In Exeter there is the Honeyland home visiting project. There are many other projects, such as the Portage project. Such projects help certain groups of children, such as those suffering from Down's syndrome. In such cases early stimulation can reduce development impairment.
In addition, parents can be trained to stimulate their children, which is extremely important. Sensory stimulation is a precondition of education for blind and deaf children. Peripatetic teachers can start such stimulation as early as six months. In Committe we discussed dyslexia, and it aroused a great deal of interest. The early development of the senses of touch, smell and hearing in dyslectic children can improve their audial memory and so do much to overcome their problem with the visual recognition of words.
Such children would have a statement made under clause 6(2), and the amendment would lay a duty on local education authorities to carry out the educational provision as specified in the statement. I hope that my hon. Friend will accept the principle, even if the drafting of the amendments is unsuitable. I hope that he will consider it, with a view to drafting other amendments later.
§ Dr. Boyson
Government amendment No. 20 gives a parent the power to request the assessment of a child under the age of 2. Amendments Nos. 19 and 21 lay an obligation on the authority to assess the child if it receives the necessary information. It also lays an obligation on an authority to make the necessary provision for that child. We hope that the House will accept the amendment.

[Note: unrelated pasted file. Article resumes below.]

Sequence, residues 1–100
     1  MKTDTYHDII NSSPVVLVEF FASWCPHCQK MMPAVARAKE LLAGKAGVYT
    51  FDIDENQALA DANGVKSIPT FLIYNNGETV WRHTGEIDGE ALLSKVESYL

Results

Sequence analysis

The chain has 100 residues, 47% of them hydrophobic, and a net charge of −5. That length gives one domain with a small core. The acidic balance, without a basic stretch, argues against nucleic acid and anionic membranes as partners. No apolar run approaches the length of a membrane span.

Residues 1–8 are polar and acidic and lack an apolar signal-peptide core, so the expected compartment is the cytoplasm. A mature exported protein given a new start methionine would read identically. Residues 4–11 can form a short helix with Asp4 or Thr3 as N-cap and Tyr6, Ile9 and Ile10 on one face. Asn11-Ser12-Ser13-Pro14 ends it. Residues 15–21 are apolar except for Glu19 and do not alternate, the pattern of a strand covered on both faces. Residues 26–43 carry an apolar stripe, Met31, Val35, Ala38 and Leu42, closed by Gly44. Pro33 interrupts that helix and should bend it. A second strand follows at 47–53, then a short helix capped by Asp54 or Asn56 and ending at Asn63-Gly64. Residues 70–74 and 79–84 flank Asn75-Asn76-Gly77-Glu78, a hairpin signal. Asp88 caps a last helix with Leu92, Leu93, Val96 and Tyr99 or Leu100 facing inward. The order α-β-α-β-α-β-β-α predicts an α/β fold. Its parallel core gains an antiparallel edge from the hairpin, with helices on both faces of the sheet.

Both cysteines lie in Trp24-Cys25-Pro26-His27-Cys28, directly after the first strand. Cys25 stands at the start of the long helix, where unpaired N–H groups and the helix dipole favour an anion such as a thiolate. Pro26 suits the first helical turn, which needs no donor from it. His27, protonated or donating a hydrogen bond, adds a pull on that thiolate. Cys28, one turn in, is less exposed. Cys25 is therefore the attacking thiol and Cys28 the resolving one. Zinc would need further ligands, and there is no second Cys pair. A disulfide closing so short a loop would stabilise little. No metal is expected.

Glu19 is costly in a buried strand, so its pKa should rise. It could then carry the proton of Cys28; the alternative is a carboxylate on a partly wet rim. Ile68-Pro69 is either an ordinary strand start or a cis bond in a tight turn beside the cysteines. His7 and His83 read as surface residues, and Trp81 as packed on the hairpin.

We are sympathetic to the view expressed by my hon. Friend the Member for Exeter (Mr. Hannam) on amendments Nos. 19 and 21, but they were tabled only this week. I assure my hon. Friend that we should like to consider the amendments before the Bill goes to the other place. Perhaps we can find an arrangement that will satisfy my hon. Friend and other hon. Members.
§ Mr. Wigley
I welcome the Minister's remarks. The hon. Member for Exeter (Mr. Hannam) made some 467 extremely valid points. Earlier I stressed the need for education to start before a child is 2 years old. Parents may be reluctant to admit their children's educational needs. There is no doubt that parents have problems when it comes to adjusting—problems that will be greatest during the first two years. We may need to go further than the Government might otherwise have thought necessary to safeguard the interests of the child when the parents are trying to adjust to the situation. Therefore, I am glad that the Government will reconsider the amendment before the Bill goes to the other place.
§ Mr. Hannam
I welcome my hon. Friend's assurance that he will look carefully at the principles that I have outlined. I hope that some changes can be introduced in the other place that will ensure that the provisions are incorporated in the Bill, because they are important. Accordingly, I beg to ask leave to withdraw the amendment.
§ Amendment, by leave, withdrawn.
Amendment made: No. 20, in page 5, line 29, at end insert
'and shall do so at the request of that parent'.—[Mr. Mark Carlisle.]